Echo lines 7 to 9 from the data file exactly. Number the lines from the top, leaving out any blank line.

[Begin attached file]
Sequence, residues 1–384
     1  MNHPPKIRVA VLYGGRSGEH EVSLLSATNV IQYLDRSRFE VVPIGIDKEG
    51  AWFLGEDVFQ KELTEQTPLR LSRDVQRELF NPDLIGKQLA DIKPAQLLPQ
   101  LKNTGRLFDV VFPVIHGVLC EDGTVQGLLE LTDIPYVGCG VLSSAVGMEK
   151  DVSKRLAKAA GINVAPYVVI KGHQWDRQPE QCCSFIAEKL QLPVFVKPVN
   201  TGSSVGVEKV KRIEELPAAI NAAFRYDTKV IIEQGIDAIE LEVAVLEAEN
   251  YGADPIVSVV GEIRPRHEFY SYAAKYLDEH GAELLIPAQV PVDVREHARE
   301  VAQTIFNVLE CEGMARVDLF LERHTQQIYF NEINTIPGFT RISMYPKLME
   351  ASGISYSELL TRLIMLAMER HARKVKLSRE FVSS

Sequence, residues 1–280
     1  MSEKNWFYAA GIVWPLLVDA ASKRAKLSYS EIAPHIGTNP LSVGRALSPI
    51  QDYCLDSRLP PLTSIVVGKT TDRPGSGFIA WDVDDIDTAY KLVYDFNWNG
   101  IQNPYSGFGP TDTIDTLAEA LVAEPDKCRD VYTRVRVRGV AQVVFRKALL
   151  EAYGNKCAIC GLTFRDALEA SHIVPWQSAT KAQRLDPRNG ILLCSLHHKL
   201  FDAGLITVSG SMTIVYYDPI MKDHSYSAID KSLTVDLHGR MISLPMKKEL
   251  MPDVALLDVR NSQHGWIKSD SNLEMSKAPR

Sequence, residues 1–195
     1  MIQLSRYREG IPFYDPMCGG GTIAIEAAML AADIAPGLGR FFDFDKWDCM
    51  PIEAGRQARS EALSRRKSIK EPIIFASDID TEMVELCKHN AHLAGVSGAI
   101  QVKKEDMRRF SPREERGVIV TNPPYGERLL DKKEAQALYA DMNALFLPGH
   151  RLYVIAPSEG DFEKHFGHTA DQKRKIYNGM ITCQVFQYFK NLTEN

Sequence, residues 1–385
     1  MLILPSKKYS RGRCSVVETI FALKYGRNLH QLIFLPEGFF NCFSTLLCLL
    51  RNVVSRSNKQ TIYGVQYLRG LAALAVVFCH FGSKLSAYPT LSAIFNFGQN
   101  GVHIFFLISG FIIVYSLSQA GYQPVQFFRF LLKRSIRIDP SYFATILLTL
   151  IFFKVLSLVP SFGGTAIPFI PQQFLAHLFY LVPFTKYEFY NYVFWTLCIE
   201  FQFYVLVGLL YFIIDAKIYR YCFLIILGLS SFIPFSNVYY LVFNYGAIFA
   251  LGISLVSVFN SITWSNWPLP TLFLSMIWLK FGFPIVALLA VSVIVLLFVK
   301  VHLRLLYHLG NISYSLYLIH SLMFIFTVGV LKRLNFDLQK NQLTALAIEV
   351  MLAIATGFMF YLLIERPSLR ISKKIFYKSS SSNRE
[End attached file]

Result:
   251  YGADPIVSVV GEIRPRHEFY SYAAKYLDEH GAELLIPAQV PVDVREHARE
   301  VAQTIFNVLE CEGMARVDLF LERHTQQIYF NEINTIPGFT RISMYPKLME
   351  ASGISYSELL TRLIMLAMER HARKVKLSRE FVSS